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You Don’t Have to Live With a Leaky Bladder

You Don’t Have to Live With a Leaky Bladder

A leaky bladder, or urinary incontinence, can range from a slight, involuntary loss of urine to larger, uncontrolled amounts of wetting. Adult men and women of all ages can experience the condition, but it becomes more common after the age of 50.

A leaky bladder interferes with your quality of life. Social occasions, intimate relations, and exercise can all be negatively affected if your bladder leaks. 

You don’t have to buy stock in adult diapers and just accept a leaky bladder. At Buschemeyer Urology, board-certified W. Cooper Buschemeyer, III, MD, offers treatments that include nerve stimulation, medications, behavioral and physical therapy, and surgery to help you feel more in control of your bladder.

Why do I have a leaky bladder?

A leaky bladder is common among older people, but it’s not inevitable as you age. Women are more likely to suffer a leaky bladder due to changes in the physical structure and tissues of the pelvic area during pregnancy, childbirth, and hormonal changes that occur during menopause. 

Specific diseases, use of medication, and dietary habits can contribute to a leaky bladder. Sometimes, the condition is temporary, such as when it occurs due to a urinary tract infection or overconsumption of caffeine. 

Urinary incontinence can come in the form of stress incontinence. This type occurs when activities raise the pressure inside your abdomen, causing urine to leak through weakened muscles near your bladder. Stress incontinence happens when you sneeze, laugh, or jump, for example.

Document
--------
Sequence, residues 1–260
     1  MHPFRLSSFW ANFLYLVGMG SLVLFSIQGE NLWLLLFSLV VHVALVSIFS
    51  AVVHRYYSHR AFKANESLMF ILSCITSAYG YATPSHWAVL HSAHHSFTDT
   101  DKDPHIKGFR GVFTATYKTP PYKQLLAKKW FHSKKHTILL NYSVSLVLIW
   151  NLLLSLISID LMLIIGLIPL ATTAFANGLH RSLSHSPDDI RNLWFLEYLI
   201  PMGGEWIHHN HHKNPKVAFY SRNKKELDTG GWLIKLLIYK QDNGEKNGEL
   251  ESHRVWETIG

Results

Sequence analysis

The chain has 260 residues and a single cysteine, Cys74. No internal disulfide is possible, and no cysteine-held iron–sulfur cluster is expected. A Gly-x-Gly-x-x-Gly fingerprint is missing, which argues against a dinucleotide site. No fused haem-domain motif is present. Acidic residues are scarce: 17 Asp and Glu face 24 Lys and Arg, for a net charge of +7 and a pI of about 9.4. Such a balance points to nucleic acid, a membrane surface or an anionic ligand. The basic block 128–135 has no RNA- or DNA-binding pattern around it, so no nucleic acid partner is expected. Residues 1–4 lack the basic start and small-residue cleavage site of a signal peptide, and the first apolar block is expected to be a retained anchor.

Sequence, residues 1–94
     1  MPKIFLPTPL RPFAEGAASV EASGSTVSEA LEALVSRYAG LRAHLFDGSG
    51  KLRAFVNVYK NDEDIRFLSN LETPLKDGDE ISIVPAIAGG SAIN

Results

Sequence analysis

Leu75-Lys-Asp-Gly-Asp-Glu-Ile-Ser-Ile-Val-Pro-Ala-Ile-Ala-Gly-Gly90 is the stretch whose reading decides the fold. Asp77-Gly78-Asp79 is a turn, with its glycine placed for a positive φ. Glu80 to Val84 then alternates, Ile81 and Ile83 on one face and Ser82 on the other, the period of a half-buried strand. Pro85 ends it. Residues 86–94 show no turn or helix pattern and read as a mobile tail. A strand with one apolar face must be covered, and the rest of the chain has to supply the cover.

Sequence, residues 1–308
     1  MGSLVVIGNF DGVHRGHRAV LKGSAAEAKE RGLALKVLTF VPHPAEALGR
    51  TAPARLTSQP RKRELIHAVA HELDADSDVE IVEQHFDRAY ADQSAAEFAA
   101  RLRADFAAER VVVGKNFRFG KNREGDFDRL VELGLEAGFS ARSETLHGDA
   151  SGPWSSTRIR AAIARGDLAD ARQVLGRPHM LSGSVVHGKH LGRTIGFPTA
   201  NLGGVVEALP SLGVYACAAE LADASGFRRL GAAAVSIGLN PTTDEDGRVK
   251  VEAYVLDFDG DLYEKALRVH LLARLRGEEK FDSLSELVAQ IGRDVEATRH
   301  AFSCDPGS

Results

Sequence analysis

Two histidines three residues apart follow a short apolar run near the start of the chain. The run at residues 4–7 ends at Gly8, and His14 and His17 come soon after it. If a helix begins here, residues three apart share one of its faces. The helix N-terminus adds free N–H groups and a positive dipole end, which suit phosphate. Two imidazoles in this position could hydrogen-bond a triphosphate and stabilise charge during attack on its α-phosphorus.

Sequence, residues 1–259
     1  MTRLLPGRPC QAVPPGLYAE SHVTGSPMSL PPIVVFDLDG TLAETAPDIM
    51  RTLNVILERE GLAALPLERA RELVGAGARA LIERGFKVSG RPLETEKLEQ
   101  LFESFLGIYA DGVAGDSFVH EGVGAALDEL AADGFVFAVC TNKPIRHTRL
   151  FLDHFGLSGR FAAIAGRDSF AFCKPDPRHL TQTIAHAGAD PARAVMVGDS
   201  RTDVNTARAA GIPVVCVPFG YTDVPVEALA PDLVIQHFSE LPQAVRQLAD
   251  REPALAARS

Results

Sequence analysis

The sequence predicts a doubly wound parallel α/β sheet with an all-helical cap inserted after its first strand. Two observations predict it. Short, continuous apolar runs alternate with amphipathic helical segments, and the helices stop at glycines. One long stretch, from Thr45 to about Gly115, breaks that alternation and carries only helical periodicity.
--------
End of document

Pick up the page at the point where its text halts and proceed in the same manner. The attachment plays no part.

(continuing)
Urge incontinence is another form of urinary incontinence. This form is a result of your brain, spinal cord, and bladder not communicating properly, so you don’t hold and release urine at the right time. 

It’s possible to have both stress and urge incontinence together. 

How do I stop a leaky bladder?

In many cases, simple lifestyle changes help you regain full bladder control. We can assist you with these changes that include dietary adjustments and physical therapy.

For example, avoiding certain foods and drinks, like alcohol, caffeine, carbonated beverages, citrus fruits, corn syrup, and spicy foods can help you ease a leaky bladder. If you’re overweight, losing weight may help ease symptoms of stress incontinence. 

We here at Buschemeyer Urology can also teach you specific physical exercises to train the muscles around your bladder. These include Kegel exercises that help strengthen certain muscles in your pelvis responsible for holding your urine in. The Knack is a type of Kegel that you do at the moment of coughing or sneezing that causes leakage. 

Are there medical interventions for a leaky bladder?

If physical therapy and lifestyle changes aren’t helpful in reducing your instances of urinary leaking, we can offer treatments like medications that help increase your bladder’s capacity, reduce feelings of urgency, and promote better emptying. 

Dr. Buschemeyer may also recommend a pessary, a small rubber device that you wear inside the vagina to prevent leakage. Surgical insertion of a mesh or sling to support the area where leaking occurs is another option. We also have advanced technology that includes pelvic floor electrical stimulation to stimulate muscle contractions and retrain your pelvic floor to hold urine in as well as biofeedback to help you gain awareness of your pelvic muscles. 

Don’t just live with a leaky bladder, contact Buschemeyer Urology, to set up a consultation and learn about treatment options. Call one of the Texas offices of Buschemeyer Urology today or use this website to arrange your appointment.

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